Very easy to see saved passwords on Linux?

In Windows, when click on the eye icon to reveal password, it’s required to enter Windows PIN/password to continue. But in Linux, there’s nothing like that, just click on the eye and the password is revealed. Is there any built-in protection layer that I missed or it really works like that? I use Brave on Arch.

@xversion1,
Thank you for reaching out to us. Do you know if you’re using gnome or KDE?

I use KDE. Not sure if it helps but I tried Chrome on Linux Mint Cinnamon and it works the same.

@xversion1,

Works the same as what you’re seeing now, or are you saying it is parity with the Windows behavior?

@xversion1,
I’m also curious, can you confirm that you have to enter your system password when you login to your machine?

Yes
It is a Windows thing and only for Edge

There is already a issue opened for it

Work the same as revealing the password rightaway, no need enter password or PIN.

Yes, I do have to enter system password, both Arch and Mint.

Not only Edge, on Windows, Chrome, Firefox, Brave all require Windows PIN before showing saved passwords.
And yes, Firefox Master password solves this problem. In Linux, if master password is set, it is required if user wants to see saved passwords. For me, Firefox master password is a bit annoying, it would be nice if a better, less-annoying version of it intergrated in Brave.

I can try on my Linux (Fedora) system later. But I have the feeling this might be due to something not being provided by the operating system. For example, on my Fedora system if I sign in using biometrics then I get warnings about Brave not being able to access my keyring; this is because the keyring (it’s gnome-keyring or Seahorse) is not unlocked by biometrics, even though the computer is. (Only if the initial sign-in is done by password, does the keyring get unlocked.)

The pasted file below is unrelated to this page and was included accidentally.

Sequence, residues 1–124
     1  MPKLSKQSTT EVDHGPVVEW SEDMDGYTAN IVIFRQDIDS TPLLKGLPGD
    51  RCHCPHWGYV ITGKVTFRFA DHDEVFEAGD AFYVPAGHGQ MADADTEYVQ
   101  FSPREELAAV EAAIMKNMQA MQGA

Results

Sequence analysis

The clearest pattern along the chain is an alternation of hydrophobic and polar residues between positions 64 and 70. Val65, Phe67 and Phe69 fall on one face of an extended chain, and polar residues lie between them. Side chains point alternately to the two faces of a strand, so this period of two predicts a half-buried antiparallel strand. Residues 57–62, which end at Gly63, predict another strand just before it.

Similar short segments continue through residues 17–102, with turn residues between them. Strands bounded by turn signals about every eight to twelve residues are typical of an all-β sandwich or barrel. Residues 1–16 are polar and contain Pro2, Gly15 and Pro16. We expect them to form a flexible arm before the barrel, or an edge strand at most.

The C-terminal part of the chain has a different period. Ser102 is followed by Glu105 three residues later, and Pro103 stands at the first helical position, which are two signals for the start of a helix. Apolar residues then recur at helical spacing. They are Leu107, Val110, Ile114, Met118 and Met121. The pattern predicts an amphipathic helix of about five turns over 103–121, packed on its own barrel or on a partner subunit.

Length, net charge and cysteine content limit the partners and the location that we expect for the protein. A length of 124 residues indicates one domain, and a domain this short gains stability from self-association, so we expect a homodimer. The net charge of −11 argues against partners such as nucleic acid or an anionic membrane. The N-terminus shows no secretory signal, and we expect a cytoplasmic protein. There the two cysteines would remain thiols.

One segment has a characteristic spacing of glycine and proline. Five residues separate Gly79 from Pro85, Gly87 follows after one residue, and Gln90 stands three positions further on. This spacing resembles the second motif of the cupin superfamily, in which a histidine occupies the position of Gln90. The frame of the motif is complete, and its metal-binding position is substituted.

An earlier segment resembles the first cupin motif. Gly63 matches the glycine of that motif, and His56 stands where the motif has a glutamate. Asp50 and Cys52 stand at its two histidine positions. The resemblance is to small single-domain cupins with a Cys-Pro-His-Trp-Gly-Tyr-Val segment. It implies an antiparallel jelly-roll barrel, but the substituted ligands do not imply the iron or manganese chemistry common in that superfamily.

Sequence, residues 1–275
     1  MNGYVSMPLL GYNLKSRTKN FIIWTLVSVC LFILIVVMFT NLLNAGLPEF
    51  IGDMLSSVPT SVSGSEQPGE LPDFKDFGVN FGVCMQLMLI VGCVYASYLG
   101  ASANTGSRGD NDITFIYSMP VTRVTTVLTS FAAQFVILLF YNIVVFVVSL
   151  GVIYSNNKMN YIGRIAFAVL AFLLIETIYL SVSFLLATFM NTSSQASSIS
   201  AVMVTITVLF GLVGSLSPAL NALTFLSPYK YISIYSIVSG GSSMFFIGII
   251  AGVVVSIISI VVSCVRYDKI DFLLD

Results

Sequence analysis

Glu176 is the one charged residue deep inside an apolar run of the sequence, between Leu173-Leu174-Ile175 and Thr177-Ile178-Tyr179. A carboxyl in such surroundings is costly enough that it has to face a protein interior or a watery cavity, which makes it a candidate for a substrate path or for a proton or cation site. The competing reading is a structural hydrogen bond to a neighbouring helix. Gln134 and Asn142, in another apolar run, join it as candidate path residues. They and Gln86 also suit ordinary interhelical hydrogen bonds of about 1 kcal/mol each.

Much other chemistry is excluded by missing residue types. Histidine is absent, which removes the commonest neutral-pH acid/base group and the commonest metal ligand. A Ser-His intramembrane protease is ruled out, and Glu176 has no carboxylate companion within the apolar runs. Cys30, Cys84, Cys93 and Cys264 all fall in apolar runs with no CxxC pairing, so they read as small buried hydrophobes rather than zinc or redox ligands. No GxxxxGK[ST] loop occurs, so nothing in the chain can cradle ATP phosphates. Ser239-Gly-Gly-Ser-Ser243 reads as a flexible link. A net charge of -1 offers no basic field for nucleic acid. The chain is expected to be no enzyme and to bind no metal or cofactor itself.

This isn’t the exact same problem you are having but they are very likely related.

On Windows you have DPAPI providing this facility, and of course on macOS you have the Apple Keychain.

Sounds resonable. I suspect it’s related to something called keyting too (I’m not a tech-savvy, don’t know much about these things) because some times when I install new apps, few of them always require me to setup new keyring or enter keyring password, something like that. It doesn’t happen too often so I don’t pay much attention.

Yes, this feature is available in pretty much all other OS — I do believe that this is a limitation of the OS as @JimB1 mentions. Either that, or the system keychain is running, but isn’t/doesn’t prompting you to input it every time, once unlocked, if that makes sense.

Will dig further into this.